One I think I can do is swing that bottom left (our left) toward the lamp and point it at her face and see how it looks. Thoughts?

  • Scott LivingstonScott Livingston Posts: 4,310
    edited December 1969

    A couple of you have mentioned the size limits which appear in the contest rules:

    4. Keep your images under 400 KB
    5. Keep the size of your image to 800 x 800 Max for easier viewing. If you feel your composition would be better served in a wide format or one that is high, please feel free to use any proportion you like up to those numbers. (Example: 800 x 600 or 600x800 etc just be sure not to let any dimension go beyond 800)

    I just wanted to clarify that the two rules quoted above date back to a time when the forum wouldn't allow larger images to be posted. At the present time, those two rules are more like guidelines, and, to be clear, you may post somewhat larger renders to the contest...they won't be disqualified and we (the judges) won't penalize you for doing so.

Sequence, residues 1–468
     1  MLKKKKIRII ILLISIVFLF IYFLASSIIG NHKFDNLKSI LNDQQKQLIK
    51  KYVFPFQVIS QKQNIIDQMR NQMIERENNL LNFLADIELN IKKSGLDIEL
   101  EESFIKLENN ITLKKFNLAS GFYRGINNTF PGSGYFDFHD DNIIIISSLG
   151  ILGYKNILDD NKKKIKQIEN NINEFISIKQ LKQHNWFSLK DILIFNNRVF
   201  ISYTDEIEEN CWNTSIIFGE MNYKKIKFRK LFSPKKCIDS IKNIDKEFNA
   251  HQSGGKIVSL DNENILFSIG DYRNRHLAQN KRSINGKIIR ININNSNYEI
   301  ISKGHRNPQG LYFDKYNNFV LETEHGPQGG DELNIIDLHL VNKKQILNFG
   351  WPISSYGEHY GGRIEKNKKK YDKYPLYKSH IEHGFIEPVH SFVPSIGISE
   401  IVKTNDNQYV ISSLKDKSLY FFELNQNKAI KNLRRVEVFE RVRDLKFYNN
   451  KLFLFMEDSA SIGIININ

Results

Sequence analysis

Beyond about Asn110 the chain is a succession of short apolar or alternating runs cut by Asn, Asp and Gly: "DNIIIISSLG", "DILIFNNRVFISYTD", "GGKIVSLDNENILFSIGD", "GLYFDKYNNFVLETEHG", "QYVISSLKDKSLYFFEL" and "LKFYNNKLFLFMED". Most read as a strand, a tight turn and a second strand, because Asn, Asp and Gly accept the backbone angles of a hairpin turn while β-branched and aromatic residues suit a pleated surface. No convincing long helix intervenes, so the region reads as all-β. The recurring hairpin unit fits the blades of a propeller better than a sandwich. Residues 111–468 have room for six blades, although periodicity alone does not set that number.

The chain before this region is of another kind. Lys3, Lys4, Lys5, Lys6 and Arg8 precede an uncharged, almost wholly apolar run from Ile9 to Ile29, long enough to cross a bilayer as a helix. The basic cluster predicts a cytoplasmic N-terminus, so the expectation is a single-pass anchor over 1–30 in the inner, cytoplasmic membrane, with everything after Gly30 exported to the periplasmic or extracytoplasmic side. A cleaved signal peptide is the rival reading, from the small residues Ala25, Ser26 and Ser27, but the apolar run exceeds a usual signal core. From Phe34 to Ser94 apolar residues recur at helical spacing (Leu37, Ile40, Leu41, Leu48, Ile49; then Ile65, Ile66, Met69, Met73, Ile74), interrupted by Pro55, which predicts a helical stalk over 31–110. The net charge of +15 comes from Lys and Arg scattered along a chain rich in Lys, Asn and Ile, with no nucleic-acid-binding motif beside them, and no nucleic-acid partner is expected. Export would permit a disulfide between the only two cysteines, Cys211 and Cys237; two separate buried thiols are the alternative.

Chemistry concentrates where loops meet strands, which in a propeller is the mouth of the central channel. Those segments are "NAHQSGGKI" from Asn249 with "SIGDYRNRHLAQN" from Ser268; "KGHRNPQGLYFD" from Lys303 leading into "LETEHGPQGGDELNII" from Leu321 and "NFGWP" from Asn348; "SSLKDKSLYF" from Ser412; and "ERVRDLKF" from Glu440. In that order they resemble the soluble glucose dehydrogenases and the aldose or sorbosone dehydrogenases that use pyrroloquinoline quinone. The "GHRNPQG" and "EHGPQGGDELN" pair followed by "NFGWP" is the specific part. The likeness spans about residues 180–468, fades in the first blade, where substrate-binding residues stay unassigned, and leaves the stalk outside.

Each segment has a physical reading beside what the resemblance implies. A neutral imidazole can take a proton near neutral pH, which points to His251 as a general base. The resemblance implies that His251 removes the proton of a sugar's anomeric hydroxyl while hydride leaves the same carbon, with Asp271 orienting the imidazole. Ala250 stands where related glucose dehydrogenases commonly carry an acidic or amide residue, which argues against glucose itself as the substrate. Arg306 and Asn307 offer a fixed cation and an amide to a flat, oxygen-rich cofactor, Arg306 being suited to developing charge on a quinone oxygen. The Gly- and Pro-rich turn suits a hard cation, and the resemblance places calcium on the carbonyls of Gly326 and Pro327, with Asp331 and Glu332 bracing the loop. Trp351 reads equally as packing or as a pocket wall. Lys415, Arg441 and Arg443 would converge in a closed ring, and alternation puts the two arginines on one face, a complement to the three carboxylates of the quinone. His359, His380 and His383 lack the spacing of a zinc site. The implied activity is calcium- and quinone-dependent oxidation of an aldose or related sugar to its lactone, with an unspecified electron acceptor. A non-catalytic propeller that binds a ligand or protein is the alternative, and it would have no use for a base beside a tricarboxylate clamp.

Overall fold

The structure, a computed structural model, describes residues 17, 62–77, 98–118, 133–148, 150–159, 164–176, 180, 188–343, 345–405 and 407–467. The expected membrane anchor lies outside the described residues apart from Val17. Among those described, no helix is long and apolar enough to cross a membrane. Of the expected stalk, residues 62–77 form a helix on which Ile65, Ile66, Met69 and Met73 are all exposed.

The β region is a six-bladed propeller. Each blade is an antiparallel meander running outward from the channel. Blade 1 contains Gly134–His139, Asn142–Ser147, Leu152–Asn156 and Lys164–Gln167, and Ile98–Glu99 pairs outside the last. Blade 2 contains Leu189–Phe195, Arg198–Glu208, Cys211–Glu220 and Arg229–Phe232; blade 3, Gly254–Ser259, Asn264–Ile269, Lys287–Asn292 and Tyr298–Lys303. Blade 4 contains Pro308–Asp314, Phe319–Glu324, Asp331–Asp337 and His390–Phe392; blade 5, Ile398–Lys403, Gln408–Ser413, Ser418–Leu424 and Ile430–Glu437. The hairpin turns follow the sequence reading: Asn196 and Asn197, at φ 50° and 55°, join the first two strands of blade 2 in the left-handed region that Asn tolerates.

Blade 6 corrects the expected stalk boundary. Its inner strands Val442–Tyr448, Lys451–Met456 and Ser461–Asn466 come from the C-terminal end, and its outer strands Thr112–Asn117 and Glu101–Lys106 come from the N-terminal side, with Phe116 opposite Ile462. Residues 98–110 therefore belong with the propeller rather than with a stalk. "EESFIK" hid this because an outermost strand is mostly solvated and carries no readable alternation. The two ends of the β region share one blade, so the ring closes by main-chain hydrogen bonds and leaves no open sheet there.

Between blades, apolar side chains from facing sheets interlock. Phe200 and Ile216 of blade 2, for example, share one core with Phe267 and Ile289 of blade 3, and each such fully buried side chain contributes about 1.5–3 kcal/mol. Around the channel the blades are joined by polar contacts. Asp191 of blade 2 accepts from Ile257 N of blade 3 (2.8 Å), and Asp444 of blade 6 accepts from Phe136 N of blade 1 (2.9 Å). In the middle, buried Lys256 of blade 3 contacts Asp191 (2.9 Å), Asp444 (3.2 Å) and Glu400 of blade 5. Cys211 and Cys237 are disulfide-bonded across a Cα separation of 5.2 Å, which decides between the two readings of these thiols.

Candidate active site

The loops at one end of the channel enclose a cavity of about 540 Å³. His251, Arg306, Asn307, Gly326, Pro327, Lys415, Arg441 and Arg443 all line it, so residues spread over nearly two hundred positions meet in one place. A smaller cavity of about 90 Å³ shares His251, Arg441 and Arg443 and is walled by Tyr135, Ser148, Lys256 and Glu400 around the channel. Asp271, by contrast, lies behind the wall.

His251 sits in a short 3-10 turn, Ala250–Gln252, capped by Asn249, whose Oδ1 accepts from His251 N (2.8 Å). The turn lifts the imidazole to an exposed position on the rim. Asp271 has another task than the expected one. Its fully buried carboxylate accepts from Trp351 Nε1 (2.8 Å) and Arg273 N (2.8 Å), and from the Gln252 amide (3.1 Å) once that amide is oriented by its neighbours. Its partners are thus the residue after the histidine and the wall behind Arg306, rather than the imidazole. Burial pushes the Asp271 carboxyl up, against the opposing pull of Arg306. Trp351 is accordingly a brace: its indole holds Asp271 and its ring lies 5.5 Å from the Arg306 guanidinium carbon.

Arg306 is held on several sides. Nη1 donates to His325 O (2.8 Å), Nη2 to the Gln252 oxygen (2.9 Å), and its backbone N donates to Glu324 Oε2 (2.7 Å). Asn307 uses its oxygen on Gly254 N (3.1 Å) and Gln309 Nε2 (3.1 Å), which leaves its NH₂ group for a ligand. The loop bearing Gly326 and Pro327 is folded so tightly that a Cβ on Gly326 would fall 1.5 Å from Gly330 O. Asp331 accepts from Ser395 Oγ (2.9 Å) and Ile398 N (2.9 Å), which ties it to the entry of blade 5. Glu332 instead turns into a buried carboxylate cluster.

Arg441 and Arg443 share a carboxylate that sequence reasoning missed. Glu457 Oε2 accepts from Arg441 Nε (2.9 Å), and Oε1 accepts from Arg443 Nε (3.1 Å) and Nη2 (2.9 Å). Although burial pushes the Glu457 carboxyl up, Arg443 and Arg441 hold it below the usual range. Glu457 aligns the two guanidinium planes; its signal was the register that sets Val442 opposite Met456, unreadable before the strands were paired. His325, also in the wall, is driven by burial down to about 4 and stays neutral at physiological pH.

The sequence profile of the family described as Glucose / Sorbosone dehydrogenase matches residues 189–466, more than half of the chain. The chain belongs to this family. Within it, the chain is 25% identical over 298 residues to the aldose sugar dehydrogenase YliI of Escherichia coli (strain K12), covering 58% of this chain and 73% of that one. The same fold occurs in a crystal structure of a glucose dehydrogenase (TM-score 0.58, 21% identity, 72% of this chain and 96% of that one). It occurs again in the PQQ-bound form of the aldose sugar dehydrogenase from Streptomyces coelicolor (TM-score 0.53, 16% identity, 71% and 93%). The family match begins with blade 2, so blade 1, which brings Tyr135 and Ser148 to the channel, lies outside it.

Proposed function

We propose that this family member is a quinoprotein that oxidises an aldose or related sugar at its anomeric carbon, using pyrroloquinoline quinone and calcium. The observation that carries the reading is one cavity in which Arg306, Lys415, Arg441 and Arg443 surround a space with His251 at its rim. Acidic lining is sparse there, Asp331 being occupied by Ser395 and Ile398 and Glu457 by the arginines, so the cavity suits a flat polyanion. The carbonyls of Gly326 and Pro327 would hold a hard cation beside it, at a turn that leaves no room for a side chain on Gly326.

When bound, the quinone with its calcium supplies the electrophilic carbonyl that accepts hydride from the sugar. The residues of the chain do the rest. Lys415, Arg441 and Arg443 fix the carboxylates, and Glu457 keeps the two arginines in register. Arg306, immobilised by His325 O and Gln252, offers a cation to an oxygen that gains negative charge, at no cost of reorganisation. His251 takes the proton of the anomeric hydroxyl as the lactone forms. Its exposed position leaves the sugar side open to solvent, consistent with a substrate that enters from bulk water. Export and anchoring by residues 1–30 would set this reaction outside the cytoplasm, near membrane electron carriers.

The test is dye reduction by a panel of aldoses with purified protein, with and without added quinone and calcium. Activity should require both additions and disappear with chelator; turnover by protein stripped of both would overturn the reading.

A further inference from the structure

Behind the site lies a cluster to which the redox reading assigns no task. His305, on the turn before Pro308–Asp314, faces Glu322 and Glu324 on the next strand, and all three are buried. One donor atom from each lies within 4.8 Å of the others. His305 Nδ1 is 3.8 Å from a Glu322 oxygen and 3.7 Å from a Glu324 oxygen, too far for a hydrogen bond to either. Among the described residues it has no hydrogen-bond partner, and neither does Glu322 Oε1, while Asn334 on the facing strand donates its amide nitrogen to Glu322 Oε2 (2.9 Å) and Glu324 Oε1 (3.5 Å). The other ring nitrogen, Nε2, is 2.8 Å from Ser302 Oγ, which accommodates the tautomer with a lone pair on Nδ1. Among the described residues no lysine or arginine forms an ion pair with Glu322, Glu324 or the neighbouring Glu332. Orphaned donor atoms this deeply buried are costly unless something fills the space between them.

The rest of the rules, though, remain in effect.

  • Mattkire75Mattkire75 Posts: 77
    edited December 1969

    A couple of you have mentioned the size limits which appear in the contest rules:

    4. Keep your images under 400 KB
    5. Keep the size of your image to 800 x 800 Max for easier viewing. If you feel your composition would be better served in a wide format or one that is high, please feel free to use any proportion you like up to those numbers. (Example: 800 x 600 or 600x800 etc just be sure not to let any dimension go beyond 800)

    I just wanted to clarify that the two rules quoted above date back to a time when the forum wouldn't allow larger images to be posted. At the present time, those two rules are more like guidelines, and, to be clear, you may post somewhat larger renders to the contest...they won't be disqualified and we (the judges) won't penalize you for doing so.